The Brookings Institution and JPMorgan Chase announced last week the launch of the Exchange—a network of 20 metropolitan areas dedicated to boosting global trade and economic competitiveness—as part of the Global Cities Initiative.
Business, civic, state and local government leaders from eight areas, including Atlanta; Greenville, S.C.; Indianapolis; Jacksonville, Fla.; Milwaukee; Phoenix; Sacramento, Calif.; and Wichita, Kan. will develop and implement strategies to bolster their local economies through intiatives that expand trade and investment.
The group of eight joins 12 other U.S.-metro areas in the Exchange, including Charleston, S.C.; Chicago; Columbus, Ohio; Des Moines, Iowa; Los Angeles; Louisville-Lexington; Minneapolis; Portland, Ore.; San Antonio; San Diego; Syracuse, N.Y.; and Tampa Bay, Fla.
“In today’s fast-moving business climate, metropolitan leaders must expand their economies globally,” Amy Liu, the co-director of the Global Cities Initiative, a Brookings senior fellow and the co-director of the Brookings Metropolitan Policy Program, said. “We created this Exchange to turn opportunity into action and to turn good ideas into results. We will give metropolitan leaders tools and guidance to develop actionable plans that will position their regions to thrive in the hyper-integrated global economy.”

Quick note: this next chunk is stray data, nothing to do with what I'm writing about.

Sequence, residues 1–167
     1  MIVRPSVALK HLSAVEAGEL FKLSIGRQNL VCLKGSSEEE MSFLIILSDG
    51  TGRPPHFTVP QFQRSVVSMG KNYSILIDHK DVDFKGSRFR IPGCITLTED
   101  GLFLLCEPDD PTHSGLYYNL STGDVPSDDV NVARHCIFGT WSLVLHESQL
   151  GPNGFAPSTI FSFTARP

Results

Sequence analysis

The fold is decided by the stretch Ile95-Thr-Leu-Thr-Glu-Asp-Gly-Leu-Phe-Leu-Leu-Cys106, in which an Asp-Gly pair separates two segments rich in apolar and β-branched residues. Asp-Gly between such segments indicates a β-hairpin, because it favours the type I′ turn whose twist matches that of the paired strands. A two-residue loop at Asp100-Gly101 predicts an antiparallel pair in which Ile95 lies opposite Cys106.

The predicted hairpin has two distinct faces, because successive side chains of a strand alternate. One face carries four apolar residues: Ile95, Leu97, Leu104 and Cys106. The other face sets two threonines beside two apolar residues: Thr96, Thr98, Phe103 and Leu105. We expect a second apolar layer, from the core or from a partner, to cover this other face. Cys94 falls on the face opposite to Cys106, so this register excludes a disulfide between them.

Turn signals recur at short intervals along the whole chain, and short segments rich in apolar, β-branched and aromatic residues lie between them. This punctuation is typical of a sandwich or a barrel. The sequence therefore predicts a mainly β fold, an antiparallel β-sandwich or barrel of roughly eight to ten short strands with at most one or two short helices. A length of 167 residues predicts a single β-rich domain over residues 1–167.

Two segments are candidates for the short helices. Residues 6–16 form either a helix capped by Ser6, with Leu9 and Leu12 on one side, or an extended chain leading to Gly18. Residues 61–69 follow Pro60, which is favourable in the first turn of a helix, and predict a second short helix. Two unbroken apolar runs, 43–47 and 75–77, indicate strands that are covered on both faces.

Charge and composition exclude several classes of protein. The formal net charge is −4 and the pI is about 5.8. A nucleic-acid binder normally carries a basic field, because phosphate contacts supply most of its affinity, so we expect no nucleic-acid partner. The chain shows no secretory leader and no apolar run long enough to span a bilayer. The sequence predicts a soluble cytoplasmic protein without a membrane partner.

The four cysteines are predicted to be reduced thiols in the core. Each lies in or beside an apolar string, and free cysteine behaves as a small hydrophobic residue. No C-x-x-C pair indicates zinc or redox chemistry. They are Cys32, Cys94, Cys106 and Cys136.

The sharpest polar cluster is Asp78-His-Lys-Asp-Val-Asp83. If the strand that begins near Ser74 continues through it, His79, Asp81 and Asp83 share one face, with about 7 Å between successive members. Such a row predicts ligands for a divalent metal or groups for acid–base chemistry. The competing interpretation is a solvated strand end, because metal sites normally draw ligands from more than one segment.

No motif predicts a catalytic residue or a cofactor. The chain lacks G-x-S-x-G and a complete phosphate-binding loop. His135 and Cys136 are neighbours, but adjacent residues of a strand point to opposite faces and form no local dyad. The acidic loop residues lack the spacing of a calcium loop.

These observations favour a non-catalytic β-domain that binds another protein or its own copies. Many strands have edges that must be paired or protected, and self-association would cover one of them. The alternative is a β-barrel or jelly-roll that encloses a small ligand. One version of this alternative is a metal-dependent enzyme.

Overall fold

Under the exchange, each metro area will develop a customized global engagement strategy that integrates exports and foreign direct investment, as well as logistics and advanced industries. Metro leaders will work with each other to establish metro-to-metro relationships and to share best practices.
“There are enormous untapped opportunities for leaders in cities and metro areas to expand and strengthen their economies through greater global engagement,” Former Chicago mayor Richard M. Daley, a senior advisor to JPMorgan Chase and the chairman of the GCI, said. “But business, government and civic leaders must be proactive and purposeful in acting on this opportunity. For decades, JPMorgan Chase has been helping companies expand their businesses globally and now the Global Cities Initiative is doing the critical work of preparing other partners in metropolitan regions to recognize their unique assets and find their place in the global economy.”
The GCI will support economic engagement in select international markets. Recently, Chicago Mayor Rahm Emanuel and Mexico City Mayor Miguel Angel Mancera announced the first international engagement of the GCI and signed an agreement to strengthen the partnership between the two cities.